Go to a health club _____ _____ _____
Relax in a steam room or sauna _____ _____ _____
Spend time alone _____ _____ _____
Go fishing or hunting _____ _____ _____
Participate in some form of recreational activity _____ _____ _____
such as golf _____ _____ _____
Do some work in the yard _____ _____ _____
Socialize with friends _____ _____ _____
Sit outside and relax _____ _____ _____
Engage in a hobby _____ _____ _____
___________________________________ _____ _____ _____
___________________________________ _____ _____ _____
___________________________________ _____ _____ _____

Listed below are some negative ways of reacting to stress. Check off the appropriate column for each of these. If there are other negative ways you react to stress, list these at the bottom of the list.

Response Never Sometimes Often
Act violently _____ _____ _____
Yell at someone _____ _____ _____
Overeat _____ _____ _____
Do not eat for long periods _____ _____ _____
Drink for excessive amount of alcohol _____ _____ _____
Drink lots of coffee _____ _____ _____
Smoke tobacco _____ _____ _____
Kick something _____ _____ _____
Throw something _____ _____ _____
Drive fast in a car _____ _____ _____
Pace up and down _____ _____ _____
Bite your fingernails _____ _____ _____
Take tranquilizers _____ _____ _____
Take valium or other drugs _____ _____ _____
___________________________________ _____ _____ _____
___________________________________ _____ _____ _____
___________________________________ _____ _____ _____

You should compare the number of positive and negative responses. If your negative responses outnumber your positive responses, you have reason to be concerned about your stress level. You will need to try some of the positive responses in an attempt to reduce your level of stress.

Modified from Anspaugh DJ, Hamrick MH, Rosato FD: Wellness: concepts and applications, St. Louis, 1991, Mosby.

 General Psychology Written Work Grading Rubric

This rubric is designed to clarify the grading process for written work by detailing the key elements expected for the assignments in this course.


Assignment Specific Criteria

____Definition of stress from a research article, the text, or lecture is provided. (5/5points)

____Definition of coping from a research article, the text, or lecture is provided. (5/5points)

____Problem-focused, emotion-focused, and avoidant coping are defined from the literature. (5/5points)

____Summarized the results of one scientific study on stress.

____10/10 no significant problems describing the hypothesis/purpose, method, participants, results, and


____8/10 needs some improvement

____5/10 not a scholarly research article

____3/10 needs significant improvement


____Identified which coping mechanism(s) (emotion/problem/avoidant) is/are currently used. (5/5points)

____Student Stress score was reported and interpreted (3 major stressors discussed). (5/5points)

____Term daily hassles is define and 5 personal daily hassles are identified and discussed. (5/5points)

____Results from the Negative and Positive Coping Skills inventory are reported. (5/5points)

____3 positive coping skills are identified for future personal use. (5/5points)


Grammar/Sentence Structure/Clarity/Punctuation 

___ No major grammatical errors and writing is clear and logical: presents no problem for understanding any sentences or paragraphs. (10/10 points)

___Slight grammatical errors and/or parts are unclear: presents minor problem for understanding some sentences/and or paragraphs. (8/10 points)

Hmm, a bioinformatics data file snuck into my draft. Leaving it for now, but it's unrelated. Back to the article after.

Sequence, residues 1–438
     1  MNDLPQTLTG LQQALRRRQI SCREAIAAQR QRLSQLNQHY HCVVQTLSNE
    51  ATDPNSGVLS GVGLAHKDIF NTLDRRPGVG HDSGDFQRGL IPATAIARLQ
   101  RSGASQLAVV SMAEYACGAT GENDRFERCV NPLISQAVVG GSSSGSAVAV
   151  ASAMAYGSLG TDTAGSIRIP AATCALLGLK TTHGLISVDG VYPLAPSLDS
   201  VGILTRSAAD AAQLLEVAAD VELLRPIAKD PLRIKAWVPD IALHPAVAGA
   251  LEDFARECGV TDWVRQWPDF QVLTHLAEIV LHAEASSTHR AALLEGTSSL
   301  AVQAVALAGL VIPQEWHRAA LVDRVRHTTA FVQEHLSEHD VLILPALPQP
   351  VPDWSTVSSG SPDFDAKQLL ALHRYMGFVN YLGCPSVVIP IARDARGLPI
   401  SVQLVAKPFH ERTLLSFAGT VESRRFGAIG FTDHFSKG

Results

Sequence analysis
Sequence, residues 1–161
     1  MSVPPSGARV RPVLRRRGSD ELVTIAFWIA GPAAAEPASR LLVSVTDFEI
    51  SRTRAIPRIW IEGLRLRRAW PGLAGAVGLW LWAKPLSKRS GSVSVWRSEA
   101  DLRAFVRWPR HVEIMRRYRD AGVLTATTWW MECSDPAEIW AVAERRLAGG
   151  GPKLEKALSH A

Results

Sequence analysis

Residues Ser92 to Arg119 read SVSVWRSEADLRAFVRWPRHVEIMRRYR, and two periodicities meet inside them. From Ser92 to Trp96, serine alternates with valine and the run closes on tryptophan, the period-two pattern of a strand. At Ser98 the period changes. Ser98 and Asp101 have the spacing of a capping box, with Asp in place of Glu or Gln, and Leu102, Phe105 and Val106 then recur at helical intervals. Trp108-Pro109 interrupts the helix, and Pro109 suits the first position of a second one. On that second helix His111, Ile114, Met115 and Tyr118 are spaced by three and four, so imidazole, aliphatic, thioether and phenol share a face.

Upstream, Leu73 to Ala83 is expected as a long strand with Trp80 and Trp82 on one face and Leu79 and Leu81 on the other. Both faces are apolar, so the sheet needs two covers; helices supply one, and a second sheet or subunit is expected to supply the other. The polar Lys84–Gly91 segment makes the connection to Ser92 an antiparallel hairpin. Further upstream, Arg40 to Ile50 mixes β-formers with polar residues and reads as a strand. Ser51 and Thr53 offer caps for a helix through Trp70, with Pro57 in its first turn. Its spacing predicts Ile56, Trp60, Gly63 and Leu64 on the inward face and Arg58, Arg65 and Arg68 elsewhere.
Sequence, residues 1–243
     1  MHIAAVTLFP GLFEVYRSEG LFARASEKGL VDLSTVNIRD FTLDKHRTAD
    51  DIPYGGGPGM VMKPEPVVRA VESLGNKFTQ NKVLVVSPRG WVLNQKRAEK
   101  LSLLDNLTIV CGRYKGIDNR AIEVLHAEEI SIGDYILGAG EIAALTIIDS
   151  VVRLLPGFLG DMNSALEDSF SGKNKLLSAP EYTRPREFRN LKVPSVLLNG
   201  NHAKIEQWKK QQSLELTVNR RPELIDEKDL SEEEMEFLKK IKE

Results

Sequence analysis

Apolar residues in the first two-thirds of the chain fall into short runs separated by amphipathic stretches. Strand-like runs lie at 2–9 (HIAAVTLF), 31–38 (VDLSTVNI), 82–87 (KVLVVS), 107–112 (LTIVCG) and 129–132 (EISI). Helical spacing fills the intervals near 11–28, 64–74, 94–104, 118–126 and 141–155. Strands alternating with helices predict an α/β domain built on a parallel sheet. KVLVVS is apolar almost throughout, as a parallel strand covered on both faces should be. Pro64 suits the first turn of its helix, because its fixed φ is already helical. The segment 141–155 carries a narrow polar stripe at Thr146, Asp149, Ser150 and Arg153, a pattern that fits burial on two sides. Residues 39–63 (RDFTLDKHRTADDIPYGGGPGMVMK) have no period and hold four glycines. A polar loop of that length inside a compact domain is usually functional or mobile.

___Some major grammatical errors and/or parts are unclear: presents moderate problem for understanding some sentences and/or paragraphs. (5/10 points)

___Many grammatical errors and/or writing is unclear: presents major problem for understanding sentences and/or paragraphs (3/10 points)


APA Paper Format

____ No significant problems with APA format (follows guidelines, citations included in the text,

abstract and title page included, and APA formatted reference page). (10/10 points)

____ Slight problems with APA format (follows guidelines, citations included in the text, abstract and

title page included, and APA formatted reference page). (8/10 points)

____ Some problems with APA format (follows some guidelines, citations included in the text, abstract

And title page included, and APA formatted reference page). (5/10 points)

____ Significant problems with APA format (does not follow guidelines, missing citations in the text,

missing abstract, title page, or APA formatted reference page). (3/10 points)


Critical Thinking

____Demonstrated adequate critical thinking skills. (5/5 points)

____Needs some improvement in critical thinking skills. (3/5 points)

____Needs significant improvement in critical thinking skills. (1/5points)


Total Grade: ____/75 points


APA Format: Basic Overview


What is APA format?

APA Style was developed by social and behavioral scientists to standardize scientific writing.  It is used for term papers and research reports and studies.


Manuscript (Paper) Format:

APA style includes a specific format, including Times New Roman 12 point font, double-space between lines of body and text and titles, headings, and block quotations. The reference list is also double-spaced. The first line of every paragraph is indented one-half inch with the exception of the abstract. The text is aligned to the left-hand margin.

APA format also includes a title page (page 1), abstract (page 2), body of the paper (page 3), and a reference list.


Title Page: The title page includes a “Running head” followed by a short title in all caps in the header. Page numbers are inserted in the header on the right side of the paper.  The full title of the paper, the name of the author, and the author’s affiliation is also included on the title page.